Anonymous review of Aenaon Villas
If my brief were to create heaven as a film set, I wouldn’t bother with studios and props and special effects. I’d bundle the crew on a flight to Santorini and set up camp at Aenaon Villas. Hidden up in the rocks on the highest and narrowest part of the island, it’s a vision in clean, celestial whiteness. It’s hidden away on the road between Fira and Oia, so you aren’t stacked up like playing blocks here – but totally crowd-clear in a secluded sanctuary. Cycladic villas set into the cliffside, designer loungers scattered around curved infinity pools that melt into the Aegean horizon, billowing linen on outdoor four-poster beds – even the flooring is a bright, crisp expanse of snow-blindness-inducing white.
Checking in, I anticipate a man in robes with a long fluffy beard; instead we find George, the owner, tapping away on his brand new (white) iPad. George tells us that it has taken him, and his wife Alexandra, almost 15 years to perfect the seven villas at Aenaon; it is truly their labour of love. And the properties are indeed lovely, rising from the dark rock as neat and gleaming as a Hollywood smile. All the villas are connected, but cleverly so across different levels so that each feels entirely private and separate. At first, it all looks traditionally Santorinian, but scrutinise closer and spy unique details: gates handmade by gypsies in Athens, devotedly buffed wooden doors, and dark cement used in place of whitewash overkill.
Mrs Smith and I are staying in Villa Marily, the largest of these stylish Santorini stays. Our Aenaon abode has three bedrooms, two bathrooms and a large living space with a double-height ceiling. Gliding through yet more wonderful whiteness, I feel as though I should be wearing linen trousers and leading a tiger cub about on a diamanté-studded leash. I knew I’d underpacked.
Yes, two bathrooms. Mrs Smith declares the master bathroom hers (naturally) and secures it by instantly covering every inch of surface with beauty paraphernalia. I retreat to my own, smaller bathroom – but not before Mrs Smith dashes in and swipes the Korres products from next to the sink. ‘I’m saving the nice products for home,’ she announces clutching the herbal homeopathy-inspired potions. ‘You can use that shampoo in your wash bag.’
Now, a note to the prudish: there is no door, or even wall, between our master bedroom and ensuite. So for those of you who don’t enjoy listening to the morning symphonies of your loved one, the extra bathroom is a welcome bonus. In my books it’s a strange notion that ‘in-bedroom’ ensuites are an aphrodisiac – if you want to keep the romance alive, I reckon that includes a solid bathroom door.
Distraction comes in a complimentary bottle of a nice Santorini white waiting for us in an ice bucket. We clink glasses at our outside table before plunging ourselves into that searing Greek afternoon sun. Oddly, even though all the villas are fully booked, there’s not a soul to be seen. Perhaps it’s Aenaon’s ingenious layout, or maybe everyone is out ‘doing things’. Mrs Smith, however, balks at the idea of any activity when there is sunbathing to be done. On this note, she deems she has carte blanche to de-robe and gets stuck into what she calls her proper sunbathing. (Read: improper sunbathing.)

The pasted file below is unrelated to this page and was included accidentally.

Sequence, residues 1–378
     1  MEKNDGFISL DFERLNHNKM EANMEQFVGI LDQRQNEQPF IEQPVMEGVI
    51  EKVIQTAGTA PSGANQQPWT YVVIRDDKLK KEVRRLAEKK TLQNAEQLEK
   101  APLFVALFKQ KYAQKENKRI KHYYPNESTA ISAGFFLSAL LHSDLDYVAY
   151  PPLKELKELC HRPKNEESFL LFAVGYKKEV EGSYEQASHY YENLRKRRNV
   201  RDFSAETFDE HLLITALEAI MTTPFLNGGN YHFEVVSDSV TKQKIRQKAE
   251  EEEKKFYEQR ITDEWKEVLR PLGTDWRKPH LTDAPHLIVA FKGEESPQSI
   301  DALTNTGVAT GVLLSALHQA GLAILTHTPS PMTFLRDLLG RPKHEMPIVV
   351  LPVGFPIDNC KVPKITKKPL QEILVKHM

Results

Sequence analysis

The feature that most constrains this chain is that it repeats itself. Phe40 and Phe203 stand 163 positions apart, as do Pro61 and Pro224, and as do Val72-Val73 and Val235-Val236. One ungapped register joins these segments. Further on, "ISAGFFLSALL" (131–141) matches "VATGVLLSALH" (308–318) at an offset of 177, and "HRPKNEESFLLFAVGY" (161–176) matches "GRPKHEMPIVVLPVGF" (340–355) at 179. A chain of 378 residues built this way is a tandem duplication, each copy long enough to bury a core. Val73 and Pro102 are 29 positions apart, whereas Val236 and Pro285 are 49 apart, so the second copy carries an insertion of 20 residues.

There is no restaurant as such at Aenaon, so appetites are catered to by the multi-tasking Archangel Dennis; he has a marvellous knack of appearing only when you need him. There’s no menu, but if you’re peckish, ask your hosts to rustle up a salad or pasta dish in their little kitchen and they will. This is what I love about Aenaon – there’s just the right amount of ‘hotel’ involved. You can order snacks when you can’t be bothered to move from the poolside, but there’s no fuss, and you’re mostly left to your own devices. Everything has been fine-tuned for romantic seclusion so it’s like being on honeymoon, but without the post-traumatic stress disorder.
While Mrs Smith slowly bastes and roasts, I sip a strong iced coffee. The caffeine kick instantly renders me unable to lie still, so I pace about the huge expanses of terrace, taking photographs, talking to myself. To call the view from Aenaon ‘dramatic’ is an understatement; steep, dangerous cliffs plunge into deep inky waters of the volcanic caldera with mysterious isles dotting the kingfisher-blue horizon.
Admiring the light and how it constantly changes the landscape, I reflect that I could sit like this for hours. But as the sun begins to drop Mrs Smith, like a vampire, rises from her bed; three shades darker, she insists we galvanise ourselves to action. We take a taxi down to the old harbor at Oia and nab a table at Dimitri’s Taverna in time to see the blood-orange-red sun setting.
The seafood is as fresh as can be and we order shrimp, calamari, octopus and a rainbow of dips and salads. Dishes in busy Greek restaurants seem to arrive haphazardly but we devour each dish as it arrives and wait greedily for the next. Soon enough we’re stuffed, and we roll into our villa to fall asleep quickly to the surprisingly soporific sound of a whistling wind rattling the shutters and twirling about the terraces.
Less than one waking hour later, we’re eating again. Breakfast has been magically laid out on our table before our eyelids have even flickered. Yesterday we’d whizzed through a long tick-list of options and our choices have now manifested. I plumped for my usual boiled eggs with rye; Mrs Smith, newly emancipated from the restraints of her latest ‘bikini diet’ went berserk and ordered just about everything on the menu.
As we munch our way through a mountain of pastries and fruits and yoghurts, a thick mist descends on the luxurious villas so that only the very tops of the cliffs are visible. ‘It’s like… Dining with the Gods.’ I announce.
‘Hey, what a great idea for a TV series,’ says Mrs Smith.
And I know just where they could shoot it...